An anonymous Western woman sent me this story of getting an abortion in China. She hopes her experience will help other expat women know what to expect.
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I woke up early with a nervous knot in my stomach. I grabbed the pregnancy test off the bedside table and made my way to the bathroom. Two weeks ago I’d been through a similar scenario, and the test had come back negative. My husband and I were overjoyed that we weren’t pregnant. Of course we want kids. Someday. Not now. We just registered our marriage in June, we had a wedding planned for January, and we wanted to finally visit my parents back in the States for the first time. We had a plan.
But how two weeks change so much. I am still late, craving large amounts of food, nausea in the morning, tired all the time. I knew I couldn’t blame it anymore on starting a new job or moving to a new apartment. I just knew.
We are always so careful. How could this have happened? But the evidence in my hands left no doubt about it. Pregnant.
And there begins the two worst days of my life. I sat on the toilet in shock and tried to avoid walking back to the bedroom and showing the test to my husband. I thought to the day before, when I had visited a friend who just gave birth to a baby girl. Just one week old. Tiny and sweet. But I remember what I said to my friend when she asked me about having children of my own. “I’m not having children for a very long time. At least five more years.”
I shook my husband awake. He took one look at my face, looked at the pregnancy test in my hands and said, “Shit.”
I burst into tears. He took me in his arms and said apologies in my ear. He said that it’s all his fault, that it would be ok.
Eventually I rubbed my eyes and looked at him tearfully. “We need to go to the hospital.”
He looked sad. “I know.”
It’s a talk we’ve had many times before. What will we do if birth control somehow doesn’t work? We would have an abortion. My husband has a job lined up, but he hasn’t started yet. I’m the provider, working as an English teacher in China. I’ve been told by my brother-in-law and by people at my school that, as a foreigner, if I get pregnant I will probably lose my job and my working visa. We knew what we would decide if we got pregnant, but making the decision and going through with it are two very different things.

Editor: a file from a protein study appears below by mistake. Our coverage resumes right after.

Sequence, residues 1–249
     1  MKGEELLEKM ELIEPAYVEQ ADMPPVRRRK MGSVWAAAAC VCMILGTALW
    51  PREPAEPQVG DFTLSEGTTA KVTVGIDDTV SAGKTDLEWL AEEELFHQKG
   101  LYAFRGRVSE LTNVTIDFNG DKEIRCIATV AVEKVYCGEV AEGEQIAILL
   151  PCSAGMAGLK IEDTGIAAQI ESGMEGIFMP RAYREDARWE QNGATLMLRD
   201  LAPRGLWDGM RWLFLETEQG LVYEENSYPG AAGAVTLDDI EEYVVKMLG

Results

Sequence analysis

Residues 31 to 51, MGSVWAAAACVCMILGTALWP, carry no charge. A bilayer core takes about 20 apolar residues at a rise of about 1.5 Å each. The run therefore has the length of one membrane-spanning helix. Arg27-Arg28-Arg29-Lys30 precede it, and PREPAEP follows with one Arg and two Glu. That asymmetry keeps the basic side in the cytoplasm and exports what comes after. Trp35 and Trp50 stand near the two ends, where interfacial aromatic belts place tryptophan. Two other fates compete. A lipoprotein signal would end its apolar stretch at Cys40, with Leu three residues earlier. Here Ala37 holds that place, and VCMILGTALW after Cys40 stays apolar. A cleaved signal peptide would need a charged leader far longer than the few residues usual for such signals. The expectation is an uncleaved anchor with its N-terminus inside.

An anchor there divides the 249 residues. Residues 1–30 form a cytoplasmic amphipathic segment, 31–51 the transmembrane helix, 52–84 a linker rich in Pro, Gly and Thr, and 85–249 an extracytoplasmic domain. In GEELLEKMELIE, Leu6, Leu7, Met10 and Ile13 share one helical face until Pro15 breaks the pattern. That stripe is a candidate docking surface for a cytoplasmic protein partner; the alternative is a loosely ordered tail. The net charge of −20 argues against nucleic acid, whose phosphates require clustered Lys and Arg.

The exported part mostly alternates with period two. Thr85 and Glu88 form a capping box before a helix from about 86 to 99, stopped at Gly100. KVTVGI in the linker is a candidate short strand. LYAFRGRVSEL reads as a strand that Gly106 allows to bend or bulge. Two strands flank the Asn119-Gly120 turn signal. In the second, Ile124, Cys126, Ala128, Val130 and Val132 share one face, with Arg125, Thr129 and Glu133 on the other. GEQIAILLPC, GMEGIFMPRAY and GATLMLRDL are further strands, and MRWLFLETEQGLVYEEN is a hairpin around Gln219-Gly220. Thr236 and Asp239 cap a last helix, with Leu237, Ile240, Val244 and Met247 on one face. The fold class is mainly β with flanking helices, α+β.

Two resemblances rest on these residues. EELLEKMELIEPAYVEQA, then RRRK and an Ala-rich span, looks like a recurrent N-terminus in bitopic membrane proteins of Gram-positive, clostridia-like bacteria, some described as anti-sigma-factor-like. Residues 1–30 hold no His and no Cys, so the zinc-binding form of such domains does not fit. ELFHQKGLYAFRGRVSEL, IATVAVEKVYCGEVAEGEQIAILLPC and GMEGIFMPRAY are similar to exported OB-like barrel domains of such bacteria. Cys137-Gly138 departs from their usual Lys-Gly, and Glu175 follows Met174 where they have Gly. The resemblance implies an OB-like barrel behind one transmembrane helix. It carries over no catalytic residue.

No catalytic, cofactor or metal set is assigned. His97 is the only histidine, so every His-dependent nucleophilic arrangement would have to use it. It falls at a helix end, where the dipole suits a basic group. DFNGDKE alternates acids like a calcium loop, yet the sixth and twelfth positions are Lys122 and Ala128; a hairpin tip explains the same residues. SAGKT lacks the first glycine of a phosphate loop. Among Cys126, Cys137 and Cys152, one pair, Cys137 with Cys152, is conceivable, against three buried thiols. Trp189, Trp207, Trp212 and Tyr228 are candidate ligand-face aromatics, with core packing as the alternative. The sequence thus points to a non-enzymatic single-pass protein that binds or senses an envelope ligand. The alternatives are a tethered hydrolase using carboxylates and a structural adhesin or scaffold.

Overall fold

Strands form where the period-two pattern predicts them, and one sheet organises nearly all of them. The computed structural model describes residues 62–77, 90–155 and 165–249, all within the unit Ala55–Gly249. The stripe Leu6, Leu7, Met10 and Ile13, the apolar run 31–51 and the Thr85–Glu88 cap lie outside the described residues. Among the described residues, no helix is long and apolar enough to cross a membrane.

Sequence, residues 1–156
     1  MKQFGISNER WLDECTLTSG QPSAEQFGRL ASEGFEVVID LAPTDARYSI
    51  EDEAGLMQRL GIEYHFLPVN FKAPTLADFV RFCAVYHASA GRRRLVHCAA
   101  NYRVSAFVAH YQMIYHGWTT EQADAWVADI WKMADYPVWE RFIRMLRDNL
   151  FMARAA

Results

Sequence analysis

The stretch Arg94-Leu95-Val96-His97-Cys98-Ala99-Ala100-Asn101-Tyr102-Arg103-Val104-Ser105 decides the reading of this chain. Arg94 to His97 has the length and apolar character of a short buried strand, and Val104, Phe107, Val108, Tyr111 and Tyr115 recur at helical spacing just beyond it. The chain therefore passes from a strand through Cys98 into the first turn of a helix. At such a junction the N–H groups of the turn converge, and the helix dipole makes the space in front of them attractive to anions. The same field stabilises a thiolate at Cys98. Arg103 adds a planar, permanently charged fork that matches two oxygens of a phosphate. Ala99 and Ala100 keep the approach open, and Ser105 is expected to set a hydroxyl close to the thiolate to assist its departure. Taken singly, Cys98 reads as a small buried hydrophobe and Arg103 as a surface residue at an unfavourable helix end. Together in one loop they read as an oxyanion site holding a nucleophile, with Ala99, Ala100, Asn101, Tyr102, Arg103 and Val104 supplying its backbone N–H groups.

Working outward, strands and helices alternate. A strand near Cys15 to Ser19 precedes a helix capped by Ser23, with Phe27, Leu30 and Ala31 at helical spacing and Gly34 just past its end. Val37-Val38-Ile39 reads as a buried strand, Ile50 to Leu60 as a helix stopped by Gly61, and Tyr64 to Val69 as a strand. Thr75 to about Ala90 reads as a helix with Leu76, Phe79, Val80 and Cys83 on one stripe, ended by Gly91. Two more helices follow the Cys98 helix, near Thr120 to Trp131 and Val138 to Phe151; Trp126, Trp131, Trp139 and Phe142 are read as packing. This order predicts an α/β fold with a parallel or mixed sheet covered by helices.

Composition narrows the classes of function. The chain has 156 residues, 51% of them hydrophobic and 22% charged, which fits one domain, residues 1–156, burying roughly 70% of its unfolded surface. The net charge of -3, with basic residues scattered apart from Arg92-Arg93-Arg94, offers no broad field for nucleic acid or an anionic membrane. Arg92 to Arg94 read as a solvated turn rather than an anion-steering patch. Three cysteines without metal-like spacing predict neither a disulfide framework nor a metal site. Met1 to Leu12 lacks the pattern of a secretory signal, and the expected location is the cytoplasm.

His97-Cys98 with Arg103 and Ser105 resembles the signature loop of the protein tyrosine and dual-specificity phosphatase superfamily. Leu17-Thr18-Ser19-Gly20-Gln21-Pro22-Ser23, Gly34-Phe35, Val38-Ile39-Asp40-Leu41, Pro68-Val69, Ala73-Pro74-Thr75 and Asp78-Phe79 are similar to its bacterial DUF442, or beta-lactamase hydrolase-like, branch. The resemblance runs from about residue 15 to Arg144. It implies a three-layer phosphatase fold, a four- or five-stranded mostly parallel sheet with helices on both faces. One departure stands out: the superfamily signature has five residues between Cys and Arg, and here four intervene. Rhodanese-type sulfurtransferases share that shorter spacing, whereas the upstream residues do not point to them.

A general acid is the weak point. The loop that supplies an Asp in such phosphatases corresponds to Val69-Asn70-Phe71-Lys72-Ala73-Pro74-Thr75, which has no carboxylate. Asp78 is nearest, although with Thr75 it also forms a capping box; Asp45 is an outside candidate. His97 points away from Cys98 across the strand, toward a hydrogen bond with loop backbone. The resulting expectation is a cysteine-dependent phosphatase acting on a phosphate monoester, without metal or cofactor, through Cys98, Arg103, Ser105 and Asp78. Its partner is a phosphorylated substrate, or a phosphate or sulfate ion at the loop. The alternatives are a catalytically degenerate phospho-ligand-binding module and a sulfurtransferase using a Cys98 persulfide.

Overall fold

The upside of our decision was that I was in the right place to do it. Abortion procedures are so easily accessible in China. There was no need to search for abortion clinics or see which hospitals could perform the procedure. We just had to take a short trip to a nearby hospital, whose Gynecological department was swarming with heavily pregnant women and very young and scared women I surmised were in a similar situation like me. My white skin and tall stature made me stick out like a sore thumb, but for once in my life in China, no one really stared or pointed. People respected my privacy as we spent the better part of an afternoon trudging from doctor’s offices to blood sample rooms. We had to wait in an absurdly long line of pregnant women to get an ultrasound, which we had to repeat twice. Finally, our situation was confirmed. Pregnant. Approximately 5 weeks.